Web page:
You thought "ashtray mouth" was the worst thing you could get from kissing a smoker.
Cigarette toxins strip away immune defenses in the throat, which explains why smokers are likelier to harbor a bad bug called Neisseria meningitides
. While those with healthy immune systems often beat it back, it can manifest as meningococcus, an illness that causes fever, severe headache, confusion or coma and a purplish-red rash. The bacterium spreads through droplets that come from the back of the throat…which makes deep kissing an obvious route. But there's also evidence that prolonged household contact—kissing cheeks, cuddling—may spread it too
, even if the carrier is asymptomatic, found an Australian study. And while there's no hard data on actual transmission rates from smokers, the risks are serious: 1 in 10 children who contract the disease die from it.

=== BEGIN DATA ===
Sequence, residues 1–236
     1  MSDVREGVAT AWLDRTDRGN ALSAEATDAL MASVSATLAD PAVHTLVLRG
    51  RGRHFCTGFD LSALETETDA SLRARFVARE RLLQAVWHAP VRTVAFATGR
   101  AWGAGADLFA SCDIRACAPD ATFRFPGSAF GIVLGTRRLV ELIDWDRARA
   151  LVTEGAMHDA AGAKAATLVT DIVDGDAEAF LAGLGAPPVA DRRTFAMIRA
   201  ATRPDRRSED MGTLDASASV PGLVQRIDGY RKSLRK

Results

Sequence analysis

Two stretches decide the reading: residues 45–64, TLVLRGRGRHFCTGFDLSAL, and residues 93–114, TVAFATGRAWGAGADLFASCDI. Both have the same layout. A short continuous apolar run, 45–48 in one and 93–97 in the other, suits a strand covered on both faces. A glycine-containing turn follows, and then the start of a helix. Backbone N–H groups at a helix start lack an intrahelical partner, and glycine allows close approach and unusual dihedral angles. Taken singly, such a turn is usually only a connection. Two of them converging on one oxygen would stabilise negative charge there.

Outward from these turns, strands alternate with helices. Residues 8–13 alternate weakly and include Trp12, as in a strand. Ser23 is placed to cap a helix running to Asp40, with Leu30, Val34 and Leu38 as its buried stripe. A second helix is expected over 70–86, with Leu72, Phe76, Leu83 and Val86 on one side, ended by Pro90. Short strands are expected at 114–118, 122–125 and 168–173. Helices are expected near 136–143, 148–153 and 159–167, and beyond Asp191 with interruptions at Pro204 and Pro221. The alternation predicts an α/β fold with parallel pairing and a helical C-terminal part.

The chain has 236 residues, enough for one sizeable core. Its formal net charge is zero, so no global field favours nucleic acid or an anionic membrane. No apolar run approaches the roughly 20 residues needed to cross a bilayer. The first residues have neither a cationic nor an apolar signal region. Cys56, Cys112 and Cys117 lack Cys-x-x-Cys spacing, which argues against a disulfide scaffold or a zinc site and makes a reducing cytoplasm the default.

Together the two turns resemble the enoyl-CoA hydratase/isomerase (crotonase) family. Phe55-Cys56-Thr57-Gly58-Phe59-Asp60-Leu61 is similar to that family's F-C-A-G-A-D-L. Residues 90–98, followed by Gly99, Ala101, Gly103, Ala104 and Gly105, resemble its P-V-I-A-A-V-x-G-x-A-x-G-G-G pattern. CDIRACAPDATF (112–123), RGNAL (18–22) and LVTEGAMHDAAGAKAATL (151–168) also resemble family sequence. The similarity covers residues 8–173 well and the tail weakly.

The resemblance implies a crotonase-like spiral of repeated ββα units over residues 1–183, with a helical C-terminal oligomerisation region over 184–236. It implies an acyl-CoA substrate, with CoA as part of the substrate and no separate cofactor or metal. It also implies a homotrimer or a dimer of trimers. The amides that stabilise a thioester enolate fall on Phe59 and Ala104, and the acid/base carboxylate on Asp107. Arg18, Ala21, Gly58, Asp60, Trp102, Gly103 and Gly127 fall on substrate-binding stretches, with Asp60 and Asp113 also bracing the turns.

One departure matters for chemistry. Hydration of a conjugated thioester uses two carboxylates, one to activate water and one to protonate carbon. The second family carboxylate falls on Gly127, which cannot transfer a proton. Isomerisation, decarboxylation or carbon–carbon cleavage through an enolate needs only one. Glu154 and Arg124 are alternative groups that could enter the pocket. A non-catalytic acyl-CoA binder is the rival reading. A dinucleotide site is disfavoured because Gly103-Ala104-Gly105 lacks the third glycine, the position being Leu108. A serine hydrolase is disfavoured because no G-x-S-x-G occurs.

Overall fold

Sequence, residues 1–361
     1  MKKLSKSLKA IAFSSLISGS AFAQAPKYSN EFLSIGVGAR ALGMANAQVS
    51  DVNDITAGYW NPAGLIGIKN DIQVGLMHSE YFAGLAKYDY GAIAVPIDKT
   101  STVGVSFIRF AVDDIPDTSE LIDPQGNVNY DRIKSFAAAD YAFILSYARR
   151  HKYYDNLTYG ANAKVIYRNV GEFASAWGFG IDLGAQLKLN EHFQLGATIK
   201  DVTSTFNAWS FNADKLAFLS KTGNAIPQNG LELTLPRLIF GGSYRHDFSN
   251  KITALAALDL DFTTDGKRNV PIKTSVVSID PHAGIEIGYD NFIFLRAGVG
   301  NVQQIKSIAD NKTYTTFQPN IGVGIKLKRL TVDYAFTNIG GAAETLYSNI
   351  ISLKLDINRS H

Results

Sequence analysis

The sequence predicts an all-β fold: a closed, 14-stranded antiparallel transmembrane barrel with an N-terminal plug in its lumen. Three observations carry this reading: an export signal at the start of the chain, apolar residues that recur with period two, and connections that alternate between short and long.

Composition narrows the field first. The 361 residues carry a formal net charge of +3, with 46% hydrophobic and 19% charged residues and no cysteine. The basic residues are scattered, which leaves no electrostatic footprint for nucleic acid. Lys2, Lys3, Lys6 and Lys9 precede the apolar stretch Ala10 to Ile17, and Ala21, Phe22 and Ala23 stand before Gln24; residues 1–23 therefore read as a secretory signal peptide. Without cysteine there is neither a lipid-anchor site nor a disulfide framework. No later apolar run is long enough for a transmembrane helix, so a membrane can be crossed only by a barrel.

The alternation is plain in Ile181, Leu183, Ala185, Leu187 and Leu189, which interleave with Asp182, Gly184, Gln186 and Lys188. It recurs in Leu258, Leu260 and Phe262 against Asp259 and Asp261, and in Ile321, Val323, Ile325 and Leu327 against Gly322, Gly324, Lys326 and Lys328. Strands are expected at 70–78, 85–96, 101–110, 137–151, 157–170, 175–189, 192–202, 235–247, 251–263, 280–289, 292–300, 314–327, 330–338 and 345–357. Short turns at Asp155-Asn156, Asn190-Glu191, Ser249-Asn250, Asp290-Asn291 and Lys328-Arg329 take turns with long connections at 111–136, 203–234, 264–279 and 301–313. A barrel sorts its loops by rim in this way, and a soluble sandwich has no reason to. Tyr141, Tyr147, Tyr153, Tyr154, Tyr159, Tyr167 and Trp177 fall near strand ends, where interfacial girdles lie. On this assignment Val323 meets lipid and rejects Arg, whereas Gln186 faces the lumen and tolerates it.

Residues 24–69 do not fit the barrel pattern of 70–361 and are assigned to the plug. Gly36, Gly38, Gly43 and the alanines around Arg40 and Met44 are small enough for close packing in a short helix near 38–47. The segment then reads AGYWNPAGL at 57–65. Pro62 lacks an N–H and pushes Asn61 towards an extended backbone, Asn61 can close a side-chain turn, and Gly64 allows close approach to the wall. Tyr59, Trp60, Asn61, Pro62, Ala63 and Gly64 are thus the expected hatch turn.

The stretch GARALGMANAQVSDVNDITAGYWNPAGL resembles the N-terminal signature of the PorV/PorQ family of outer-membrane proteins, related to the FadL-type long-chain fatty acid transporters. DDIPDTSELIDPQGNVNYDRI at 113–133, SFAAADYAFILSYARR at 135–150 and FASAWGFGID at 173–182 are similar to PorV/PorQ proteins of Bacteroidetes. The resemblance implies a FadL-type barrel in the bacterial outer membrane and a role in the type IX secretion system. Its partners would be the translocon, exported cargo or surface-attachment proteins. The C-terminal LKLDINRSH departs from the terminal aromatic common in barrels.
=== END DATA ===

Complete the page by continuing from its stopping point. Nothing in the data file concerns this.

Apart from persuading your smoker to quit, reduce your chance of transmission by avoiding V-J-Day-in-Times-Square-style kissing
when you have a cold. (Any respiratory infection primes your raw nose and throat for a bacterial invasion.) The Australian study recommended immunizing children, in particular, with the meningococcal conjugate vaccine
. (Young adults and the under-5 set are the most susceptible.)